Please consult the PLANTS Web site and your State Department of Natural Resources for this plant’s current status, such as, state noxious status and wetland indicator values.
Dense thickets of common persimmon are considered a nuisance in open
fields and pastures. On abandoned fields, where persimmon is an
invader, it is classed as a weed species because it fails to reach
commercial size . Common persimmon is easily defoliated with a 20
percent solution of Garlon 4 but will sprout readily from the stems and
roots after treatment. Treatment is most effective in May when leaves
are fully expanded [4,19,27].
Damaging agents: The principal defoliators of common persimmom are the
webworm (Seiarctica echo) and the hickory horned devil (Citheronia
regalis). The fungus Cephalosporium diospyri causes persimmon wilt and
kills many trees in the Southeast. The disease is characterized by a
wilting of the leaves followed by defoliation and death of the branches
from the top down. An infected tree lives 1 or 2 years after the
wilting appears. Diseased trees should be burned, and bruises on
healthy tree should be covered with pitch or wax to prevent entry by
wind-borne spores [15,30].
Cultivars, improved and selected materials (and area of origin)
Contact your local Natural Resources Conservation Service (formerly Soil Conservation Service) office for more information. Look in the phone book under ”United States Government.” The Natural Resources Conservation Service will be listed under the subheading “Department of Agriculture.”
Common persimmon usually is considered undesirable by growers of closely managed timber stands. It has been controlled by prescribed burns but is also known to decrease with fire exclusion. Roots and rootstocks are killed by severe fires that char the soil; less severe fires top-kill the plant. Vigorous sprouts are produced from the root collar following top-kill by fire or after cutting. Deer occasionally browse the sprouts but cattle usually avoid them. Thickets from root suckers and collar sprouts in pastures may be problematic. Various herbicides are used to kill the plants.
The principal natural defoliators of common persimmon are the webworm (Seiarctica echo) and the hickory horned devil (Citheronia regalis). Small branches severed by a twig girdler (Oncideres cingulata) are often encountered – these wounds allow entry of a wilt fungus, Cephalosporium diospyri, which kills many trees in the southeastern US. An infected tree lives 1-2 years after the wilting appears. Diseased trees should be burned and bruises on healthy trees should be covered with pitch or wax to prevent entry by wind-borne spores.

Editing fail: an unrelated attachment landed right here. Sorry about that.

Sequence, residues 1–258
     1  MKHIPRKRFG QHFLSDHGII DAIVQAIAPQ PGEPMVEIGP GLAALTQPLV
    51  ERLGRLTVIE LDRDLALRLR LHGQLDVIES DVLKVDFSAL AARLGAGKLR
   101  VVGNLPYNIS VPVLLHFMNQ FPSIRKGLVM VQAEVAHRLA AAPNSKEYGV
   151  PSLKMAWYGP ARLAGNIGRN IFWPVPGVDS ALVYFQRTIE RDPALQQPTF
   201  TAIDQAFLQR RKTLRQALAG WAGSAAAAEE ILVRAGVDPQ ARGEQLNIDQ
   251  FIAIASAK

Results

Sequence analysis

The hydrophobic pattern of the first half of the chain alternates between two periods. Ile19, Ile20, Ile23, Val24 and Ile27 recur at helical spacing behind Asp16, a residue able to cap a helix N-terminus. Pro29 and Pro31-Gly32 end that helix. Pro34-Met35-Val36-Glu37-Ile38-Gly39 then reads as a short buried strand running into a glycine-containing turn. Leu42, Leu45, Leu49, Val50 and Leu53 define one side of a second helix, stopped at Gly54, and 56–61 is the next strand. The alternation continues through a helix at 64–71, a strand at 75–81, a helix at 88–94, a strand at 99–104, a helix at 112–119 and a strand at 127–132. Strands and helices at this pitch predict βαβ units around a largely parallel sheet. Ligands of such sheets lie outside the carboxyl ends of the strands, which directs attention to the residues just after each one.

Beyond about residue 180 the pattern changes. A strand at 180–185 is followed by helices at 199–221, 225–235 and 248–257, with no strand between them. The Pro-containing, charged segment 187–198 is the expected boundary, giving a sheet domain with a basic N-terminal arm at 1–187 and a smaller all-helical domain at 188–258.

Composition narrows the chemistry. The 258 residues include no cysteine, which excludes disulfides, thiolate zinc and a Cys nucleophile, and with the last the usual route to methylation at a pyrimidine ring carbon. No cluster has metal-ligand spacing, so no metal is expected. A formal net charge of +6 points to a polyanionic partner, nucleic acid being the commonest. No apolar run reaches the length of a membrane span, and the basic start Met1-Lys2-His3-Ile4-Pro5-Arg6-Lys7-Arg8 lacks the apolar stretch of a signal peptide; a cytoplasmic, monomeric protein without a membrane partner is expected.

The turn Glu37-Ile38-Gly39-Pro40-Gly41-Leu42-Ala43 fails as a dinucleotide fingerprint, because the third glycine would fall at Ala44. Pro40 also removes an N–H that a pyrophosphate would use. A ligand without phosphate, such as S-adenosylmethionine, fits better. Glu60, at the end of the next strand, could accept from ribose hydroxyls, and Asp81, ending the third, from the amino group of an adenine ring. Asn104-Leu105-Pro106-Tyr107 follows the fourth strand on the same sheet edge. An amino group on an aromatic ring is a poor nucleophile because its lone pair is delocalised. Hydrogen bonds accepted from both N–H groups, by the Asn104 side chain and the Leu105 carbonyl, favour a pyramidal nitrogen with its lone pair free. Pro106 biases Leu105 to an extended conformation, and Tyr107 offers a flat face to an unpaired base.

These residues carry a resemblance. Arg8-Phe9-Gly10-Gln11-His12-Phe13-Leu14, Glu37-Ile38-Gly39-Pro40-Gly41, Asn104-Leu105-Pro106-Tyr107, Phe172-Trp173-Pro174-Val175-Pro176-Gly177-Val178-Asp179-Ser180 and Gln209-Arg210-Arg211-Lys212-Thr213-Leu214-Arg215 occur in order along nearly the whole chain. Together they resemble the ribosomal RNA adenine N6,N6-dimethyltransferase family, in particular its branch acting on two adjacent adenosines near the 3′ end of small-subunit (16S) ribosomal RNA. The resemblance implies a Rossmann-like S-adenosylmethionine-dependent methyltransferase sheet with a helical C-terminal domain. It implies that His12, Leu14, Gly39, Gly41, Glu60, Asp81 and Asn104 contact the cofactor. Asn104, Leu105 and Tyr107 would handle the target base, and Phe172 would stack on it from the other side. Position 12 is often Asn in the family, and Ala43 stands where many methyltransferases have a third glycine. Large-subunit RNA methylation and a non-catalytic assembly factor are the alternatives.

Relevance to Humans and Ecosystems
Uses: Fruit, MEDICINE/DRUG, Building materials/timber
Comments: The fruit (persimmon) is commonly eaten and the wood is employed chiefly in the manufacture of weaver's shuttles.
Other uses and values
in the treatment of fever, diarrhea, and hemorrhage. Indelible ink can
also be made from the fruit. Common persimmon is sometimes planted as
an ornamental; the flowers are used in the production of honey [30,36].
Value for rehabilitation of disturbed sites
for erosion control. It is, however, difficult to transplant .
Propagation is by seed stratified at 41 to 50 degrees Fahrenheit (5-10
deg C) for 365 days and sown in the spring. Germination is about 80
percent. Root cuttings 6 to 8 inches (15-20 cm) long and 1/3 inch (0.85
cm) in diameter can also be used provided the ends are sealed with pitch
or wax to prevent rot .
Importance to Livestock and Wildlife
important supplementary fall and winter food for white-tailed deer
[29,34]. The fruit is an important food for squirrel, fox, coyote,
racoon, opossum, and quail [7,22]. Hogs relish the fruit of common
persimmon, but it is of little value to other livestock and is
considered a nuisance .
Wood Products Value
used for turnery, plane stocks, veneer, golf club heads, and
occasionally low-grade lumber [8,36].
protein, crude fat, and calcim, but high in nitrogen-free extract and
Persimmon is sometimes planted for its edible fruit. Dried fruit is added to baked goods and occasionally is fermented with hops, cornmeal, or wheat bran into a sort of beer. The dried, roasted, ground seeds have been used as a substitute for coffee.